Callahan has never been one to follow songwriting norms, and on “Apocalypse” he has stretched his terrain to the unexplored. His songs are sparser, more personal, and more perplexing than anything he’s done since his days with Smog. He rarely aims to give us answers but puts us in his mind’s eye, giving us the task of trying to answer them ourselves. Whether its his personal story of seclusion as a musician on “Riding For the Feeling,” or his tale of a lonely cowboy on “Drover,” this is an album about the “Apocalypse” within; the endless, draining apocalypse of our heart and soul and how “ this wild, wild country/ It takes a strong, strong/ Breaks a strong, strong mind.” If that’s not songwriting, I don’t know what is, Mr. Capote.
10. Fucked Up
“David Comes To Life”
In 2008 I placed the band’s “The Chemistry of Common People” in my top 10, saying that it saved hardcore. The band is back to their savoring ways, this time resurrecting rock n’ roll. The riffs on “David Comes To Life” tear out the speakers with sharp edges that cut their way into your brain. This is the type of riffage you’d find on a Bon Scott era AC/DC album, and the wall of guitar carnage is comparable to the multi-layered assault of Queen’s Brian May. Unlike May, who sat in a studio for weeks at a time recording a guitar over a guitar over a guitar, Fucked Up utilize three guitarists, often recording all together in one take. It’s truly teamwork at its finest with each guitar not simply backing the other up, but providing flourishes to fill the entire canvas. The result is a blue-collar rock opera.
Pink Eye’s vocals are the one piece in the band maintaining that hardcore sensibility, barking out one anger-laced tale of heartbreak after another. Unlike “The Chemistry of Common People,” this album never rests to take a breath. It is one backbreaking anthem after another for 80 minutes straight. As you’d expect, this can be a bit daunting, yet it’s totally fulfilling (if you can survive the Armageddon). Any other band would have cut out songs or saved half of them for the next album, but Fucked Up aren’t like any other band.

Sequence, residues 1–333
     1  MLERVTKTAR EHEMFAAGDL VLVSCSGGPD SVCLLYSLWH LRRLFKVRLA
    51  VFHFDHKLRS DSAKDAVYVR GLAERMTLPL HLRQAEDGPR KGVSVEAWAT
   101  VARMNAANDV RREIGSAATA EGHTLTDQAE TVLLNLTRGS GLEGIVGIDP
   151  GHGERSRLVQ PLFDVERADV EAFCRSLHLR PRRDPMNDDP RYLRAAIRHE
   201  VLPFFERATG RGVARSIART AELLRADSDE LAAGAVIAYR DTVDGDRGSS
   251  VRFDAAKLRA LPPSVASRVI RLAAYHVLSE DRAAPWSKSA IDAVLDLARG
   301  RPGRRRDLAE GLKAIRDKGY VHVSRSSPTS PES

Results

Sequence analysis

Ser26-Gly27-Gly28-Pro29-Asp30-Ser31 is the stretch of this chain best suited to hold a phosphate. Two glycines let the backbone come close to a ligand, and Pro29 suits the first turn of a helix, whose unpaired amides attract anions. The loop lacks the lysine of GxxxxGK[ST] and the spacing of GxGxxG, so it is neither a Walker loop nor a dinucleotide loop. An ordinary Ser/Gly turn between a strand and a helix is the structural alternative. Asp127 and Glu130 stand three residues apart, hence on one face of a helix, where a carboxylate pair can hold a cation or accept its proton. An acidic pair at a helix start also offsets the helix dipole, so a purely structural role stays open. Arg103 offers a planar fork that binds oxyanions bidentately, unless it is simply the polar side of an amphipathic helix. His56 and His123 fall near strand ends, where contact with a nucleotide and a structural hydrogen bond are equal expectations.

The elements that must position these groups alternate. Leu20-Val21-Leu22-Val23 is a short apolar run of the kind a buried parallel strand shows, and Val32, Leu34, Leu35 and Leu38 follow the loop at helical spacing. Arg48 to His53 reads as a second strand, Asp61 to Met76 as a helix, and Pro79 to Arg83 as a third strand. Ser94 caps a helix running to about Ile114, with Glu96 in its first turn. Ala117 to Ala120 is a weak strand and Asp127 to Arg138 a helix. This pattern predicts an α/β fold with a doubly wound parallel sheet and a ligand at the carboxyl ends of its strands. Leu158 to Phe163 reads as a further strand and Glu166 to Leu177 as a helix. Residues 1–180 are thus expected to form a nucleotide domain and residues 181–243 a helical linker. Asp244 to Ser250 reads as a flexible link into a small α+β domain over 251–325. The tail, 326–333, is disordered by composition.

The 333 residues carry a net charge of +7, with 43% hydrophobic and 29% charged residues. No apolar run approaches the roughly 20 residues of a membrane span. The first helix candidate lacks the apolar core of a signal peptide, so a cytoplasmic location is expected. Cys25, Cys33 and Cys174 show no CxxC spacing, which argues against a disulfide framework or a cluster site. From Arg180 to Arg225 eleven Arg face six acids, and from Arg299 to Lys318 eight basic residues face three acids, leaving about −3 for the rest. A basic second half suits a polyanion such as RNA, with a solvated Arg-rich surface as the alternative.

“Ship of Fools”:
[Dot Dash; 2011]
It’s depressing to think that this is Snowman’s last album, breaking up before it was even released. At least we have “Absence” as a final testament of their greatness. An easy approach to reviewing an album is comparing it to what has come before. Whether it sounds like Beach Boys “Pet Sounds” or Ziggy Stardust, the use of compare and contrast helps guide the reader toward what they are in for with a certain album. With “Absence,” my guiding light is, well, absent. It is both brooding and sinister like Earth and Pyramids, but you’d be hard-pressed trying to find any distortion here. It’s filled with harmonizing, ghostly vocals, but it is far and away from anything resembling Bon Iver or Panda Bear. It has the synthy pulse of Four Tet and Flying Lotus, but the drumbeats take more from tribal territories than dance clubs. There is no need to pigeonhole it: this is Snowman; this is “Absence.”
The atmosphere of Snowman will have your mind reeling with visions, your heart beating with anticipation. The music within the album will transport you to a temple of both solitude and mystery. It somehow calms the soul, yet builds a tension within.”
8. Stephen Malkmus and the Jicks
If you’ve actually read all the entries on this list (really?!), then you’ve probably already grown sick of references to Pavement. I guess it’s pretty obvious that I’m always searching for the next Pavement, although no such thing ever really comes to fruition. You would think the most obvious place to look for this replacement would be Pavement head man Stephen Malkmus, but after his last release with the Jicks “Real Emotional Trash,” I decided he’d moved on. While “Real Emotional Trash” was a great album of guitar thrashing fun, it wasn’t the snarky, deadpan Pavement fill-in I’d hoped for. So imagine my surprise upon first listen to “Mirror Traffic,” questionably Malkmus’s finest songwriting since
Brighten the Corners”… okay, maybe I’m getting a little ahead of myself. I shouldn’t dare compare it to the greats, but there is no denying that “Mirror Traffic” is damn good.